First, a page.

Cherokee Carvers: Tradition Renewed
‘Cherokee Carvers’ show opens at university’s Reece Museum
By Staff Report | Friday, January 21, 2011 | Categories: Art, Johnson City
“Cherokee Carvers: Tradition Renewed” opened Tuesday at the Reece Museum at East Tennessee State University and continues through March 31.
The exhibition, sponsored locally by the Mary B. Martin School of the Arts at ETSU and the Reece Museum, examines different aspects of late 20th- and early 21st-century Cherokee carving.
Included are ritual objects, functional wares, and pieces designed to be sold to tourists and collectors. The exhibit features both stone and wood carvings and focuses on artists working in Western North Carolina today.
“Cherokee Carvers” was organized and curated by the Asheville Art Museum and is sponsored by Revitalization of Traditional Cherokee Artisan Resources, the Cherokee Preservation Foundation, the Eastern Band of Cherokee Indians, and Western Carolina University.
Artists whose works are featured in the exhibition are Davy Arch, Irma and James Bradley, Amanda Crowe, Virgil Crowe, Butch Goins, John Grant, Virgil Ledford, Pete Long, Freeman Owle, Joel Queen, James Bud Smith, Stan Tooni Jr., Stan Tooni Sr., Charlie Watty and Fred Wilnoty.
Of these, Amanda Crowe (1928-2004) was a major influence on contemporary Cherokee artists. She earned degrees from DePaul University and the Art Institute of Chicago, and later received a fellowship to study in Mexico with sculptor Jose de Creeft at Instituto Allende.
In 1953, she was employed by the Cherokee Historical Association as an instructor within the Cherokee schools, and held that position for nearly 40 years. Many of the artists in “Cherokee Carvers” studied with Crowe.
Davy Arch made such utilitarian items as spoons and dough bowls, and he used a band saw and patterns belonging to his uncle, Boyce Allison, who was once a student of Amanda Crowe, Bill Crowe and Goingback Chiltoskey. After completing high school, Arch worked at the Occonaluftee Indian Village, where he got to know a lot of the older carvers.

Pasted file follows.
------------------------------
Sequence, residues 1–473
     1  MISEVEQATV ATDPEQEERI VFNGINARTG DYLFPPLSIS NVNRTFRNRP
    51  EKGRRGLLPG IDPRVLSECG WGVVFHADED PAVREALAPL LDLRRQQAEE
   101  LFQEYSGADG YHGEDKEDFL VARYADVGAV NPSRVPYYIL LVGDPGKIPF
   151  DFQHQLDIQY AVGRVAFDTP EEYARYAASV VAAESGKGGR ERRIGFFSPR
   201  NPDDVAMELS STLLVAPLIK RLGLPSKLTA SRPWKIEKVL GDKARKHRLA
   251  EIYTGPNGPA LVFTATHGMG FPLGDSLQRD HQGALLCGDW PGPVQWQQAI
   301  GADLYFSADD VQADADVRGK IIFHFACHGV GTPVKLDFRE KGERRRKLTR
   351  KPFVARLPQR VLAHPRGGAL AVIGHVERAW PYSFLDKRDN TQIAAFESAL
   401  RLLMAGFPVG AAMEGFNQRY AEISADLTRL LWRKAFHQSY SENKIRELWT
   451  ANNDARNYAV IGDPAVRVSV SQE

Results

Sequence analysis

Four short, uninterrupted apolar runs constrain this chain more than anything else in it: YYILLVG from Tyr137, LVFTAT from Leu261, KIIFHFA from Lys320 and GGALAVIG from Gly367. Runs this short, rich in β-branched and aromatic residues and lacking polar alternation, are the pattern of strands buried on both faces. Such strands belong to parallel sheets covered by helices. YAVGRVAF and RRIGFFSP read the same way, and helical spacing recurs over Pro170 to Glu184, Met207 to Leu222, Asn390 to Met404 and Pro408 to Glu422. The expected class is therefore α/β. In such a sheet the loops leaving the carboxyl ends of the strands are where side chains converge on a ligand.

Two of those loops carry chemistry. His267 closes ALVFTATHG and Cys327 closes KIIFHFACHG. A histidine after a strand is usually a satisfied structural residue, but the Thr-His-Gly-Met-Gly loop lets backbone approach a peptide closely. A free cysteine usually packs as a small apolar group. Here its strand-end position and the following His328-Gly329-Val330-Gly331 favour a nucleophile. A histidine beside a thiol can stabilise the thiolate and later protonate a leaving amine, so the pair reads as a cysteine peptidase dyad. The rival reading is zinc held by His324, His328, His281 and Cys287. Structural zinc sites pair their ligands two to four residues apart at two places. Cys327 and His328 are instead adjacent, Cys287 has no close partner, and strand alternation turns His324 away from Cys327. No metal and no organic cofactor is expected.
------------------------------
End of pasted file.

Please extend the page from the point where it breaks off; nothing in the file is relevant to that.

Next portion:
“When I was growing up,” he says, “everyone around here did something at home. Working with tools and wood was just a part of everyday life. Now when I teach carving, I find I have to teach wood lore and tool use before I teach carving.”
As part of the exhibition, an artist’s talk and demonstration will be given Feb. 17 at 5:30 p.m. by Freeman Owle, who will discuss Cherokee art and culture.
Freeman, who grew up in the Birdtown community of Swain County, N.C., naturally learned to carve wood at an early age, since, as he says, “Every young man had a knife in his pocket from the age of seven.”
Well-known in the Cherokee community, Owle serves on the board of directors of the Qualla Arts and Crafts Mutual and is a coordinator for the Cherokee Heritage Trails project of the Blue Ridge Heritage Initiative.
He is one of the featured storytellers in the book, “Living Stories of the Cherokee,” and he also appears in the video documentary, “Cherokee: The Principal People,” which aired on public television in North Carolina, South Carolina and Kentucky.
The exhibit and artist talk/demonstration are free and open to the public.
Regular museum hours are Tuesday, Wednesday and Friday from 9 a.m.-4 p.m. and Thursday from 9 a.m.-7 p.m.
Three special parking spaces at the east end of the Reece Museum are designated for patrons of the museum and the Center for Appalachian Studies and Services, a Tennessee Center of Excellence of which the museum is a division.
To receive a temporary permit to park in these spaces, patrons should visit the ETSU Parking Office, 908 W. Maple St., or call 439-5636 or e-mail email@example.com .
For more information or special assistance for those with disabilities, call 439-4392.